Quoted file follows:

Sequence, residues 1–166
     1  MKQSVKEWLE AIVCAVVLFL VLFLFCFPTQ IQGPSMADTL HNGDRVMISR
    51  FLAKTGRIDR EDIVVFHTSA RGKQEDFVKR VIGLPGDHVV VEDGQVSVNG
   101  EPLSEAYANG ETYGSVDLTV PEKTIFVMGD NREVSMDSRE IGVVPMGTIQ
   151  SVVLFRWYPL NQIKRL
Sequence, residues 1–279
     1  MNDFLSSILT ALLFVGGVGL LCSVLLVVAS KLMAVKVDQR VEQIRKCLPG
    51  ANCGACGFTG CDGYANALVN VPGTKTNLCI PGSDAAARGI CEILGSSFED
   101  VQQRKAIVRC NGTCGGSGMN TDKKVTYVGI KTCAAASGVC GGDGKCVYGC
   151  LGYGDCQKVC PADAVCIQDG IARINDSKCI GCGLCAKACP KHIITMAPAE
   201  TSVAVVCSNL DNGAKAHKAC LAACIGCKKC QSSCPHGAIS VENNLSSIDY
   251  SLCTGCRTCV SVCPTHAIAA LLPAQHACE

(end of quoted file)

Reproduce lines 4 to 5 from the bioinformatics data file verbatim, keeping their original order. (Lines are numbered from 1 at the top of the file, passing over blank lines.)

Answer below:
   101  EPLSEAYANG ETYGSVDLTV PEKTIFVMGD NREVSMDSRE IGVVPMGTIQ
   151  SVVLFRWYPL NQIKRL